- What is outpatient bilateral knee replacement replacement?
- How can bilateral knee replacement help knee pain?
- Are there pros and cons of having both knees replaced?
Jeffrey T. struggled with pain in both knees. “The pain was always there and it was always constant the more I stayed on my feet every day,” he says. When the pain became too great, he saw Eric G. Bonenberger, M.D., a board-certified and fellowship-trained orthopaedic surgeon at Orlando Orthopaedic Center.
After consulting with Dr. Bonenberger, Jeffrey decided to proceed with the staged bilateral total knee replacement procedures, opting to have both surgeries done within a few months of each other.
Today, he says, “I feel great. It’s the best thing I’ve done in a long time.” Dr. Bonenberger specializes in joint replacement, knee, hip, and shoulder surgeries, sports medicine, and arthroscopy, and he successfully completed not one, but two total knee replacement surgeries on Jeffrey a few months apart.
What is Outpatient Bilateral Total Knee Replacement?
An outpatient bilateral total knee replacement means that the two joints are repaired over time in an outpatient same day surgical center. The goal of a bilateral knee replacement surgery is to remove both affected joints along with any painful arthritis that has formed and replace them with two fully functioning prosthetic knees.
Jeffery T. says, “The best thing about having this surgery was not having the pain anymore.”
Knee replacement surgery requires a surgeon to repair the damaged knee joint by replacing the original surface with a prosthesis. The prosthetic is made of metal, ceramic, and plastic and it can restore the function of the knee and eliminate the pain of arthritis. Bilateral knee replacement surgery means that both knees are replaced, sometimes, as in the case of Jeffrey, each knee is repaired consecutively, several months apart.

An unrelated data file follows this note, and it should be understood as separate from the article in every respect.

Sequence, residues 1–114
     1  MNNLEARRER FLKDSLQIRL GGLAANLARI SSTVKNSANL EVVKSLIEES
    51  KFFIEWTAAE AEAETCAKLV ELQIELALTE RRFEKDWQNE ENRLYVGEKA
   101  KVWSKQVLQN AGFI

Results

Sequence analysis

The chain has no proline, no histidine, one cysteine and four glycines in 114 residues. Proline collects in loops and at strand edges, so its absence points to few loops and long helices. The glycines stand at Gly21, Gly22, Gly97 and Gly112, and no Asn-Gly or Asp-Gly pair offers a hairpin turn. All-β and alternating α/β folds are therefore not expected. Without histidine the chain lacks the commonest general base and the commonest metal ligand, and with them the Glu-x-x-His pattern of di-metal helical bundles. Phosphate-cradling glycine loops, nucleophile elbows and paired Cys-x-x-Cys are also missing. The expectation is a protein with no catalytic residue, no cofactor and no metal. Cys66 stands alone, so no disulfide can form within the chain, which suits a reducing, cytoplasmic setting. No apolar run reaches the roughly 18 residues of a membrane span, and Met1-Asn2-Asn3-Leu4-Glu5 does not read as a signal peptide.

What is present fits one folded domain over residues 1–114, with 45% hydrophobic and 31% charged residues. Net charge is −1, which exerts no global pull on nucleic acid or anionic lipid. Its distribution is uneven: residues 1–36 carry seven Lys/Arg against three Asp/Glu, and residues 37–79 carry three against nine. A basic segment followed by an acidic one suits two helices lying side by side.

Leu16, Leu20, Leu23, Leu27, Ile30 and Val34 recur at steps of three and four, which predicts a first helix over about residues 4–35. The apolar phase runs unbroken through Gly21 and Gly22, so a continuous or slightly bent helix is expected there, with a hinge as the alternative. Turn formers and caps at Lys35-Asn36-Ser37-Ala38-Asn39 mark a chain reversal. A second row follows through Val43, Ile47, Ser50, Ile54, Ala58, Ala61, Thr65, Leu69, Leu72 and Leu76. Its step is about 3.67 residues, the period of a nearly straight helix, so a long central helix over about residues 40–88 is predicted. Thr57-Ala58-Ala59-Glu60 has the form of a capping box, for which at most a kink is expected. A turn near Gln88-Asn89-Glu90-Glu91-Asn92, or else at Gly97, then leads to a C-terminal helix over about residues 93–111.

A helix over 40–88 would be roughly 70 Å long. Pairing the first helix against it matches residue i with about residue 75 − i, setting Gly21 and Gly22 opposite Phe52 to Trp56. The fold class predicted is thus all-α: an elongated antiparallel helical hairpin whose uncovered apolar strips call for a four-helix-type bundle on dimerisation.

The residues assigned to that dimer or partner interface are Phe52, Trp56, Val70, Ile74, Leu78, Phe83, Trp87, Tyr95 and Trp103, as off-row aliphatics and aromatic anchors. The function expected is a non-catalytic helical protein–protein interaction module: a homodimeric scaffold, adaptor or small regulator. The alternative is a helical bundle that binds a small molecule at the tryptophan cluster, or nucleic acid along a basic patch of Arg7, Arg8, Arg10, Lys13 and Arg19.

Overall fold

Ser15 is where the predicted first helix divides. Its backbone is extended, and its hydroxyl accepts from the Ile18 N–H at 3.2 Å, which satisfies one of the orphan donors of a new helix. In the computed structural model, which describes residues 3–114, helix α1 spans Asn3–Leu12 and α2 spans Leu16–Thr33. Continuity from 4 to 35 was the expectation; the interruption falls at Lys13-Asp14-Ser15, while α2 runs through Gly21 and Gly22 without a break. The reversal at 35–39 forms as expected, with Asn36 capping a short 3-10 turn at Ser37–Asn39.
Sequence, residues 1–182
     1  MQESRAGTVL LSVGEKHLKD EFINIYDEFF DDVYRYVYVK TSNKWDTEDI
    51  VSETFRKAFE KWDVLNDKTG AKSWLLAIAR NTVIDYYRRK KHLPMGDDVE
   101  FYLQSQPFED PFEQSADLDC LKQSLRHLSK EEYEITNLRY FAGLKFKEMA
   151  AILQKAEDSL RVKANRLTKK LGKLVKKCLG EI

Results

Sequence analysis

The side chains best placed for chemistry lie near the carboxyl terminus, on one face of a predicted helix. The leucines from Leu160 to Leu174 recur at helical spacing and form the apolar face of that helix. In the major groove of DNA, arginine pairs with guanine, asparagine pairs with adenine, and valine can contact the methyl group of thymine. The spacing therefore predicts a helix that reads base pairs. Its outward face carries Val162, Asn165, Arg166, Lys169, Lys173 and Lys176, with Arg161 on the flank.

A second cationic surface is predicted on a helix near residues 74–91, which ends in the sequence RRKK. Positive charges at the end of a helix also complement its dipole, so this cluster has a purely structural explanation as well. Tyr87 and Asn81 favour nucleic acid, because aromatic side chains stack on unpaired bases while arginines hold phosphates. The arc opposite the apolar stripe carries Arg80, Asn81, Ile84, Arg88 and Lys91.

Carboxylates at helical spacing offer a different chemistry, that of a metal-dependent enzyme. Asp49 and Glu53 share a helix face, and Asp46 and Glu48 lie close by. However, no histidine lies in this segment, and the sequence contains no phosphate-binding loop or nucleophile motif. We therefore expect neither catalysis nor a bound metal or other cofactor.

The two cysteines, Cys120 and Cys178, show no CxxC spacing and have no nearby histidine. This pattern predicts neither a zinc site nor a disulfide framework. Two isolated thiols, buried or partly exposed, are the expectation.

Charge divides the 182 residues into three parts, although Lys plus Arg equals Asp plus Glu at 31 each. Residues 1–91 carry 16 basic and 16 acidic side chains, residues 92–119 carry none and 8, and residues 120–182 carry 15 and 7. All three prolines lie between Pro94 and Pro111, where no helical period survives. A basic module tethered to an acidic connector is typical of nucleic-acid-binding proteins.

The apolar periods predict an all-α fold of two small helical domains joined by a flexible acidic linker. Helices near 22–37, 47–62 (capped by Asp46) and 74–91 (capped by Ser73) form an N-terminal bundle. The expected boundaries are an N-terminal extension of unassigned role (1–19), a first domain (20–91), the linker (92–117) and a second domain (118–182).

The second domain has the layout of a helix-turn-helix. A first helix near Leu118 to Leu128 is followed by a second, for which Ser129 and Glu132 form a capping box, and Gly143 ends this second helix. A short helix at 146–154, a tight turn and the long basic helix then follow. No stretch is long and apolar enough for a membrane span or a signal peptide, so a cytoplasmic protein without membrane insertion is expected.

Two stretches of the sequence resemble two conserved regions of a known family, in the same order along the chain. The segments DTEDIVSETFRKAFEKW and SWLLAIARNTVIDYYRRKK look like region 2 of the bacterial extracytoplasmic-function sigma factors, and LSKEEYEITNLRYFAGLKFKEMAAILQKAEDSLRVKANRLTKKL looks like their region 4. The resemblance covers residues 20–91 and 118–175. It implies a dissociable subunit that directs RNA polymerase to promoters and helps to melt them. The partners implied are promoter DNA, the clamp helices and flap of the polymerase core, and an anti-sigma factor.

The knee itself is a complex, weight supporting joint. The knee joint works to bring together the two long bones in the lower (tibia) and upper leg (femur), holding them at the flex point (patella) with muscles, ligaments, and tendons. Each bone is covered by a softer layer of cartilage that works as shock absorbers to keep the bones from rubbing together. Knee replacement removes the damaged portion of the knee itself and replaces it with a prosthesis cemented to the remaining bone.
Replacing both knees surgically can occur in one sitting or in two, depending on the health and preferences of the patient and the consulting physician. When both knees are replaced simultaneously the surgery is called a simultaneous bilateral knee replacement. When the knee replacement surgery occurs concurrently, the procedure is termed a staged bilateral knee replacement. Jeffrey had his left knee surgery in May and his right was completed in August of the same year.
A staged bilateral knee replacement surgery focuses on one knee at a time in two separate surgeries. Each surgery is about two hours long and are done typically a few months apart to allow time for healing. The goal is to allow one knee to heal before undertaking the second surgery.
With a simultaneous bilateral knee replacement, the patient undergoes one surgery to replace both knees. This means there is one hospital stay and rehabilitation during the entire process. However, the rehabilitation process is slower. Patients need more assistance typically after these surgeries and it is more difficult because both knees are affected.